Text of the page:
The stocks that pay the dividends must be held for at least 61 days within a 121-day period that begins 60 days before the ex-dividend date, which is the first date following the declaration of a dividend on which the holder is not entitled to the next dividend payment. The number of days includes the day the recipient sold the stock but not the day they acquired it, and they cannot count days during which the "risk of loss was diminished," according to IRS rules.

How Do I Know If the Dividends I've Received Are Qualified or Not?

Your broker will break down the qualified and ordinary dividends that are paid to you and are reported in separate boxes on the IRS Form 1099-DIV that your broker will send you each tax year. Ordinary dividends are reported in box 1a, and qualified dividends in box 1b.

Correction—Nov. 9, 2022: A previous version of this article incorrectly defined ordinary dividends as being "nonqualified dividends." Dividends are classified as ordinary or qualified by the IRS; there is no "nonqualified" classification. Qualified dividends are ordinary dividends that meet the criteria to be treated as capital gains for tax purposes.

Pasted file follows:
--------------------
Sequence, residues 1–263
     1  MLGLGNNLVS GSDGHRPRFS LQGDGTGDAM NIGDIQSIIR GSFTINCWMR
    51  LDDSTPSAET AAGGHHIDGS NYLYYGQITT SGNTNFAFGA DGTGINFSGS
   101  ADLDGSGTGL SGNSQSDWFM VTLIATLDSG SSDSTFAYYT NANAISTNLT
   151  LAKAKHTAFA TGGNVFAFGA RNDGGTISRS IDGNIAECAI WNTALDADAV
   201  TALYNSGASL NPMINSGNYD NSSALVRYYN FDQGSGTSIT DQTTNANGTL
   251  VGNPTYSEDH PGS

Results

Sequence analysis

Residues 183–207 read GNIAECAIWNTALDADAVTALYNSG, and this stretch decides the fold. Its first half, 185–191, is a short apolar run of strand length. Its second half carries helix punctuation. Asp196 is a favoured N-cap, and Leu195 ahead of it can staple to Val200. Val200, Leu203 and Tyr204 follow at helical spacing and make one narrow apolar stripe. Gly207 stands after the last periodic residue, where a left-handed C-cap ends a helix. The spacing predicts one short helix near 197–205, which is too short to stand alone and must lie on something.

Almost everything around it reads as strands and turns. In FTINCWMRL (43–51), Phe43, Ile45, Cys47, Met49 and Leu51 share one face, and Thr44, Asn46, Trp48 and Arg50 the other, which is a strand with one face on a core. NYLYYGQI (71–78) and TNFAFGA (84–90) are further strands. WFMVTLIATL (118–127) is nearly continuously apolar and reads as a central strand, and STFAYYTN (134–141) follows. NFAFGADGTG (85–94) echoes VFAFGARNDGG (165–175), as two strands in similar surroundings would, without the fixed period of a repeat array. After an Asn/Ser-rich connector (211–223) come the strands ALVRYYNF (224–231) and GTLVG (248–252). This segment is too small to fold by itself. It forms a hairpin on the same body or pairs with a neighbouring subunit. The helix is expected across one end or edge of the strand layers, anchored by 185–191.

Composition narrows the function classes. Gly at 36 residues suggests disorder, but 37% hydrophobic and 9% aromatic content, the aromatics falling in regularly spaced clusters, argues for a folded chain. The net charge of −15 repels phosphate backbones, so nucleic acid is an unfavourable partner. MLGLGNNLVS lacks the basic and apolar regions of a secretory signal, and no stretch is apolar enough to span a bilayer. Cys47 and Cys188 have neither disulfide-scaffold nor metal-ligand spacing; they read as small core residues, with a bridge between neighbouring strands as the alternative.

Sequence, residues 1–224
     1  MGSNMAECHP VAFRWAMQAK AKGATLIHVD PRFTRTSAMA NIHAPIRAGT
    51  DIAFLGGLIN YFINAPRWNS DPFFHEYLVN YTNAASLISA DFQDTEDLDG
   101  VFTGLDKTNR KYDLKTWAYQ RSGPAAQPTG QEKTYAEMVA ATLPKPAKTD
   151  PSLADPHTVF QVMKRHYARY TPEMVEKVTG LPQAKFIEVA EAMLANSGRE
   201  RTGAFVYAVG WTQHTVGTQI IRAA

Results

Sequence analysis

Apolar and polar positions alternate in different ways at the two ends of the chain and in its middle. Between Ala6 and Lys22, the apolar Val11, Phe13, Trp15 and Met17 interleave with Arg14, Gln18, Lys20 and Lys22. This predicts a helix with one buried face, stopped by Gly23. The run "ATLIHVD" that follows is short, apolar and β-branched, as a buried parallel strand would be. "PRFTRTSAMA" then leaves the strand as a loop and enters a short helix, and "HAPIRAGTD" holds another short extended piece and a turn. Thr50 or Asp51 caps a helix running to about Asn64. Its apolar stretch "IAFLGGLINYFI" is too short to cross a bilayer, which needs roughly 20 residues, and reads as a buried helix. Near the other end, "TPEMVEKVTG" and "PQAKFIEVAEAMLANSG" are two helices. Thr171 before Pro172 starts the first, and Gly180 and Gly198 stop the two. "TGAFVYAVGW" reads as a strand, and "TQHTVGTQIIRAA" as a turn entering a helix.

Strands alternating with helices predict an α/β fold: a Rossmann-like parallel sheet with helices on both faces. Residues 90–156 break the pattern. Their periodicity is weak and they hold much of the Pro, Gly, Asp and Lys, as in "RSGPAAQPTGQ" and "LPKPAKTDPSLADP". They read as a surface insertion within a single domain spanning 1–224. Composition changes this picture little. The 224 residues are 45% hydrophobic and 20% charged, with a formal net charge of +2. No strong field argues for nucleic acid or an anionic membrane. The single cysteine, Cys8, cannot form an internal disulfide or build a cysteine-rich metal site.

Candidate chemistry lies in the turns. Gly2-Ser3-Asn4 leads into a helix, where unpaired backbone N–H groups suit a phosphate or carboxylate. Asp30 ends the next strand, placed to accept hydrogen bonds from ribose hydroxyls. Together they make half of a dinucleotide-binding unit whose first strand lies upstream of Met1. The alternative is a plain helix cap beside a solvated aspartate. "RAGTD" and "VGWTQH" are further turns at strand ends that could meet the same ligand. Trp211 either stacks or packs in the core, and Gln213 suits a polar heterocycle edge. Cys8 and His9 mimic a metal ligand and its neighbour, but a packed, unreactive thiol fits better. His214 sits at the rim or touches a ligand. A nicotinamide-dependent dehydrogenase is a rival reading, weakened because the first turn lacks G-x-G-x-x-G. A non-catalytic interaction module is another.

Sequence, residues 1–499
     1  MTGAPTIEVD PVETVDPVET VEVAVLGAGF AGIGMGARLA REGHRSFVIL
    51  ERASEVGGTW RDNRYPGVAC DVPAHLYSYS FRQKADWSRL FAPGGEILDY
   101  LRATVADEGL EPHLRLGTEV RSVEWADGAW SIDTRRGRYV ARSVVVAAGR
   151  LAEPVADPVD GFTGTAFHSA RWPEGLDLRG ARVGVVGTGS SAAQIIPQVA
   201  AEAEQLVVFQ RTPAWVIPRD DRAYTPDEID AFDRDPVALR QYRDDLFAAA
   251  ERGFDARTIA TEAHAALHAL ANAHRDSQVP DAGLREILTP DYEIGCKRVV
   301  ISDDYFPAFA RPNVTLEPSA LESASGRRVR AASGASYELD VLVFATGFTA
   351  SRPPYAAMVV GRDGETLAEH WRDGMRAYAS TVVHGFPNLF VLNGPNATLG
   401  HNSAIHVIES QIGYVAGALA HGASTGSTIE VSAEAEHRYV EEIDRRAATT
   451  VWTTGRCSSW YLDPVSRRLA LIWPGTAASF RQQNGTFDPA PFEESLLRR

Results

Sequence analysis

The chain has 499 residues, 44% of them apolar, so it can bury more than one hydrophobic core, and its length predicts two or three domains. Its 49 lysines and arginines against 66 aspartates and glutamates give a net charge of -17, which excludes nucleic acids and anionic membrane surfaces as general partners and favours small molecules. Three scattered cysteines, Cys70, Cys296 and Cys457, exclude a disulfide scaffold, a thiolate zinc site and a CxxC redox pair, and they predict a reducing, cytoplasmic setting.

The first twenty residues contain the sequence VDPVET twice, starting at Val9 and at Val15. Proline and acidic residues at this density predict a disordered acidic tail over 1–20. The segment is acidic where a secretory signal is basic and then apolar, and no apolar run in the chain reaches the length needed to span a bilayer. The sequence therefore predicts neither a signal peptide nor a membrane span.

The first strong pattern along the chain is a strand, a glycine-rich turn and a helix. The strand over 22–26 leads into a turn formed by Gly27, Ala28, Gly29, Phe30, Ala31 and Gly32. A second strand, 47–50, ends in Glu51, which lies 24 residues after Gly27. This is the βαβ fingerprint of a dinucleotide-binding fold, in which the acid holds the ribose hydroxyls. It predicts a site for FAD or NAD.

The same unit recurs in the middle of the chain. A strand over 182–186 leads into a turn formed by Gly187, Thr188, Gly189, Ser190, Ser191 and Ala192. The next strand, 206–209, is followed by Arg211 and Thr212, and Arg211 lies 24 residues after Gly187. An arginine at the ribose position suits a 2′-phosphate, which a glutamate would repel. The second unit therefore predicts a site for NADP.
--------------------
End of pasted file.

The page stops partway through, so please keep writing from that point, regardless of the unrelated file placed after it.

Correction—Jan. 24, 2023: A previous version of this article incorrectly listed the modified adjusted gross incomes subject to the 3.8% Net Investment Income Tax (NIIT) as $125,000 and $200,000 for single filers and "all others," respectively. The actual modified adjusted gross incomes were $200,000 for single filers and $125,000 for married filing separately.

Article Sources
Investopedia requires writers to use primary sources to support their work. These include white papers, government data, original reporting, and interviews with industry experts. We also reference original research from other reputable publishers where appropriate. You can learn more about the standards we follow in producing accurate, unbiased content in our editorial policy.
  1. Internal Revenue Service. "Publication 550: Investment Income and Expenses (Including Capital Gains and Losses)," Page 19.

  2. Internal Revenue Service. "Topic No. 404 Dividends."

  3. Internal Revenue Service. "Topic No. 559 Net Investment Income Tax."

  4. Internal Revenue Service. "Publication 550: Investment Income and Expenses (Including Capital Gains and Losses)," Page 20.